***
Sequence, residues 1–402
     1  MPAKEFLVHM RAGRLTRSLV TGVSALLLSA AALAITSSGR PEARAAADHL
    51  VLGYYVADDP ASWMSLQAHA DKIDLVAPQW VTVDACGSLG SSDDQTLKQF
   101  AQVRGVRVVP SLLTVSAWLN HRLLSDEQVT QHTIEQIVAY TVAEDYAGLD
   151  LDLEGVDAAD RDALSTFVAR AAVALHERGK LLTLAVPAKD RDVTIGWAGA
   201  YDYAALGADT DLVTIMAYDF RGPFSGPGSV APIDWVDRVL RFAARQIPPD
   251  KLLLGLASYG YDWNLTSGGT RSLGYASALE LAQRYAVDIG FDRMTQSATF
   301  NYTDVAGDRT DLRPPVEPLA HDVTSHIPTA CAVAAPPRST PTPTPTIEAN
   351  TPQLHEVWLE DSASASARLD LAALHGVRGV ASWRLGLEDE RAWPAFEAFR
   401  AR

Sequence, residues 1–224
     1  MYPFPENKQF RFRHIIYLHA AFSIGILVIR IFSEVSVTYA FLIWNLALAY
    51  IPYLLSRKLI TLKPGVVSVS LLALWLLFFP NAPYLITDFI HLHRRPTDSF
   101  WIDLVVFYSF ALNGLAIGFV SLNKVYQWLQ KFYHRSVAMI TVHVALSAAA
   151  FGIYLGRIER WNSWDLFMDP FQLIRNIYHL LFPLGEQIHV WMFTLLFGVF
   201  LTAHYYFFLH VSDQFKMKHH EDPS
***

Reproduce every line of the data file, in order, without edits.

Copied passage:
Sequence, residues 1–402
     1  MPAKEFLVHM RAGRLTRSLV TGVSALLLSA AALAITSSGR PEARAAADHL
    51  VLGYYVADDP ASWMSLQAHA DKIDLVAPQW VTVDACGSLG SSDDQTLKQF
   101  AQVRGVRVVP SLLTVSAWLN HRLLSDEQVT QHTIEQIVAY TVAEDYAGLD
   151  LDLEGVDAAD RDALSTFVAR AAVALHERGK LLTLAVPAKD RDVTIGWAGA
   201  YDYAALGADT DLVTIMAYDF RGPFSGPGSV APIDWVDRVL RFAARQIPPD
   251  KLLLGLASYG YDWNLTSGGT RSLGYASALE LAQRYAVDIG FDRMTQSATF
   301  NYTDVAGDRT DLRPPVEPLA HDVTSHIPTA CAVAAPPRST PTPTPTIEAN
   351  TPQLHEVWLE DSASASARLD LAALHGVRGV ASWRLGLEDE RAWPAFEAFR
   401  AR

Sequence, residues 1–224
     1  MYPFPENKQF RFRHIIYLHA AFSIGILVIR IFSEVSVTYA FLIWNLALAY
    51  IPYLLSRKLI TLKPGVVSVS LLALWLLFFP NAPYLITDFI HLHRRPTDSF
   101  WIDLVVFYSF ALNGLAIGFV SLNKVYQWLQ KFYHRSVAMI TVHVALSAAA
   151  FGIYLGRIER WNSWDLFMDP FQLIRNIYHL LFPLGEQIHV WMFTLLFGVF
   201  LTAHYYFFLH VSDQFKMKHH EDPS